Iran’s air defenses are more formidable and Tehran unveiled new locally-made air defenses in February 2024. In addition, Iran has stockpiles of missiles and a large fleet of cheap kamikaze drones. These one-shot devices cost just $20,000 to build and have been used by the Russians in Ukraine. In sufficient numbers, they could overwhelm Israel’s more technologically advanced air defenses. 

The other major aspect of a potential war with Israel is Iran’s network of regional proxies. For years, Tehran has supported militias opposed to Israel across the Middle East. As well as Hamas, Iran supports Hezbollah in Lebanon, the Houthis in Yemen, and several groups in Syria and Iraq. The harm these groups could do in a full-blown war would be considerable. 

Nuclear Weapons

Source: Handout / Getty Images News via Getty Images

Iran’s nuclear ambitions have been a cause for alarm in the Western world for decades. A diplomatic solution appeared to be reached when the Obama administration reached an agreement with Tehran. The Joint Comprehensive Plan of Action (JPCOA) was supposed to restrict its nuclear program and open up for inspections in exchange for lifting sanctions. The Trump administration pulled out of the compact in 2018. Attempts to revive the deal have fallen flat and Iran has accelerated its nuclear program. While Iran still maintains it has no plans to develop nuclear weapons, comments from Kamal Kharrazi state Iran will alter its doctrine if its existence is threatened.

Iran’s current nuclear status is unclear and it is that ambiguity that likely rules out an Israeli preemptive strike on Iranian nuclear facilities. Equally, that uncertainty may be a limiting factor in a potential conflict and, in the best-case scenario, prevent direct attacks on cities.

The United States

Source: United States Navy U.S. Navy photo by Mass Communication Specialist Seaman Kaylianna Genier, Public domain, via Wikimedia Commons

The current war in Gaza has ignited a wave of protests across college campuses in the United States. Opinion polls show a generational shift in American attitudes towards Israel. Congress skews much older and more conservative than the general population and support for Israel is still a largely bipartisan position. There is little doubt that the United States would back Israel in a war with Iran. The only question is the extent of that support.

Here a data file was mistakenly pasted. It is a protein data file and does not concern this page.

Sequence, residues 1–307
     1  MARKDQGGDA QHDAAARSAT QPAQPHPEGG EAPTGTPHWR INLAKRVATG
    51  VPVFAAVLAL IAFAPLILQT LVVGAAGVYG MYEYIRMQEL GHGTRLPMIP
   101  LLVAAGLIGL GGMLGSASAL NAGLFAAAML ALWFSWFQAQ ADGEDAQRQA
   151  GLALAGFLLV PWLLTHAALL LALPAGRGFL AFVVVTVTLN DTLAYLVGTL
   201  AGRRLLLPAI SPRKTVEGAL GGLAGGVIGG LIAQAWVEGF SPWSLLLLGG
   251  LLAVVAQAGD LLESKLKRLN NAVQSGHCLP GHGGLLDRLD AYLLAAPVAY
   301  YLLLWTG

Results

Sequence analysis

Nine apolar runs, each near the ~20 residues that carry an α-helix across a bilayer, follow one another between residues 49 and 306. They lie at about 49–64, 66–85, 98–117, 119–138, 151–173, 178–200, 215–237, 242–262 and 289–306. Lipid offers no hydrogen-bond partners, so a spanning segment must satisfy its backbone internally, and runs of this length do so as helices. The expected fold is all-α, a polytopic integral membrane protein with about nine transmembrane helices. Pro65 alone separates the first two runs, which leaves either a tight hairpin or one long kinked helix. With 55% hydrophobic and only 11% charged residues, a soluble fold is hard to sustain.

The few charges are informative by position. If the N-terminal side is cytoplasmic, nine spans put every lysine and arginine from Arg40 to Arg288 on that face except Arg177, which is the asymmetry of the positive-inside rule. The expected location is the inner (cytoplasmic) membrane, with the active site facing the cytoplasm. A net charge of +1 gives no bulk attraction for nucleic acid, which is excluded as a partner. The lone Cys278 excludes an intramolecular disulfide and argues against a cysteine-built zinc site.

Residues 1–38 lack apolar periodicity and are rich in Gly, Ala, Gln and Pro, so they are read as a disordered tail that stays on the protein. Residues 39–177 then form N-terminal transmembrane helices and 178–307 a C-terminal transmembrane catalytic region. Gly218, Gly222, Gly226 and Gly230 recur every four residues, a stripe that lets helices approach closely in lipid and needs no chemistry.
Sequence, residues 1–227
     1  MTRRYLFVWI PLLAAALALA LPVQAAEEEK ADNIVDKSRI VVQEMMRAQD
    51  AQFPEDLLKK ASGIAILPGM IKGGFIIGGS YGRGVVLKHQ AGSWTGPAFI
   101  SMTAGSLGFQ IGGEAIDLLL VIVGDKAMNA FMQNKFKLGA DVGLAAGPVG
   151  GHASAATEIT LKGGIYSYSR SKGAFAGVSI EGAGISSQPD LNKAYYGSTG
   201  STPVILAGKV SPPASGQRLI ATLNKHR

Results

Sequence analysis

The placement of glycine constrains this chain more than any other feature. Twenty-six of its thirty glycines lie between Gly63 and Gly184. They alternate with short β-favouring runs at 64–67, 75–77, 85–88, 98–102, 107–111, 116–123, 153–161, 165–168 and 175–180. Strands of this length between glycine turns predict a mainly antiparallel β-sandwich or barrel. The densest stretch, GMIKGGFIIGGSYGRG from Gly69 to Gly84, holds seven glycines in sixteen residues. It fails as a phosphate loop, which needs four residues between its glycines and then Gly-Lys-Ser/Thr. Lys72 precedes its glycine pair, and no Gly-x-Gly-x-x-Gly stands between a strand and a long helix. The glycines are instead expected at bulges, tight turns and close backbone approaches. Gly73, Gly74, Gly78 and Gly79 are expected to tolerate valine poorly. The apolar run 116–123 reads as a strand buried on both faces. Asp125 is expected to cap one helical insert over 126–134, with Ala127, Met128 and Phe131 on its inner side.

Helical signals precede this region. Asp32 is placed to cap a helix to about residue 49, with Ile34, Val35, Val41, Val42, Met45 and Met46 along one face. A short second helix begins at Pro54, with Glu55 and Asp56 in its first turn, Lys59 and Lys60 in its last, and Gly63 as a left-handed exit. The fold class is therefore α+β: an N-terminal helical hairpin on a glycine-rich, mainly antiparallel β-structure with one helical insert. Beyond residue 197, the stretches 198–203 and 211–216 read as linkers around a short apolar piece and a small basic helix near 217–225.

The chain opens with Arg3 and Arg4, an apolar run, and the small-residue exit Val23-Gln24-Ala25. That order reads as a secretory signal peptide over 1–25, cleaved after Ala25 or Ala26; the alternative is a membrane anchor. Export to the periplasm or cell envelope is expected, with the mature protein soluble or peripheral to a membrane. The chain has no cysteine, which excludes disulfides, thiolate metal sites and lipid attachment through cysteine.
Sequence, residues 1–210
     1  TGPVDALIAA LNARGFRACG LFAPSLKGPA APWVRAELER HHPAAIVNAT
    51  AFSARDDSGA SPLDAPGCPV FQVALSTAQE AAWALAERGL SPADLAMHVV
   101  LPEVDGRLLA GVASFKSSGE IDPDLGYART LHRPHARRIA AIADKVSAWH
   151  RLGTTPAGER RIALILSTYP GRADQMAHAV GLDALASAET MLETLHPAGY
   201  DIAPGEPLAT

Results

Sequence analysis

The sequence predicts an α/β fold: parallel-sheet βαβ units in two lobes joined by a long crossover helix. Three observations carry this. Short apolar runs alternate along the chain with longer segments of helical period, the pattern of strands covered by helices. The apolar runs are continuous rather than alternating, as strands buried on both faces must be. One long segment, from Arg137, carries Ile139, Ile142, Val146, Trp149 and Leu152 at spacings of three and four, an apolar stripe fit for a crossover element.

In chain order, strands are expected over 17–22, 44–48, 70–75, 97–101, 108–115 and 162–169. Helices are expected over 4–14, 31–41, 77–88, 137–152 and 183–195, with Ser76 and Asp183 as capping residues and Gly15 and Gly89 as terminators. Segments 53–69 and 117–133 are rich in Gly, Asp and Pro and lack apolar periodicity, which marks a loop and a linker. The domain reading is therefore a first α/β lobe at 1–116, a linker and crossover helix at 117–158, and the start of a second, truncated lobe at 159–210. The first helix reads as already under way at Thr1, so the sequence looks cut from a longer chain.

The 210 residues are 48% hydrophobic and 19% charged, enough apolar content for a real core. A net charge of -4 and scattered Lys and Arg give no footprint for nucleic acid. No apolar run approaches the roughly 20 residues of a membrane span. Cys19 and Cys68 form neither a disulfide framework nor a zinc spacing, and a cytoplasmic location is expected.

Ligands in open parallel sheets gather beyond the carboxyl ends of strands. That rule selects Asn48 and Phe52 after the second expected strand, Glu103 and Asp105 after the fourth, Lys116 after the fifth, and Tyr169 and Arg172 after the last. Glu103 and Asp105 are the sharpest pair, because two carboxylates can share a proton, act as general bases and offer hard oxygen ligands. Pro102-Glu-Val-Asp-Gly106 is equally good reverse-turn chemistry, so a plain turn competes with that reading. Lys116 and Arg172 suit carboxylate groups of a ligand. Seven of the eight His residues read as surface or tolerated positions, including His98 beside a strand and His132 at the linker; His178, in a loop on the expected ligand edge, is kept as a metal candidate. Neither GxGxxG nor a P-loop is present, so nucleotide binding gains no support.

The United States would almost certainly agree to send arms to Israel as it already has in the war with Hamas. It is unlikely an aid package would encounter any serious resistance in Congress. This may also unlock more aid to Ukraine and possibly Taiwan. 

Aside from arms, the United States would provide aerial and naval support in the region. Air bases in Iraq, Kuwait, Qatar, Saudi Arabia, and Oman are all within striking distance of Iran. However, American forces in those bases don’t have carte blanche to carry out offensive operations. As they would be a target for Iranian drones and ground-based missiles, those host nations might prohibit American planes from flying sorties over Iran. 

As mentioned earlier, Iran’s air defenses are formidable. This would not be another Desert Storm. While they would still be unlikely to withstand the full force of the US Air Force, disabling them would take months. The American public has limited patience for protracted warfare and even less for serious casualties if not combined with success. A full invasion and long-term occupation of Iran is out of the question but without boots on the ground, a decisive outcome will be difficult to achieve. American involvement in a conflict with Iran is inevitable but will be deeply unpopular and the longer the war drags, the weaker public support will become. 

Saudi Arabia

Source: HansMusa / iStock via Getty Images

A key player in the region. Saudi Arabia has a great deal to lose in the event of a regional war. The kingdom is currently undergoing major social and economic reforms. Vision 2030 is the pet project of Crown Prince Mohammed bin Salman. One of the cornerstones of this project is stability in the region.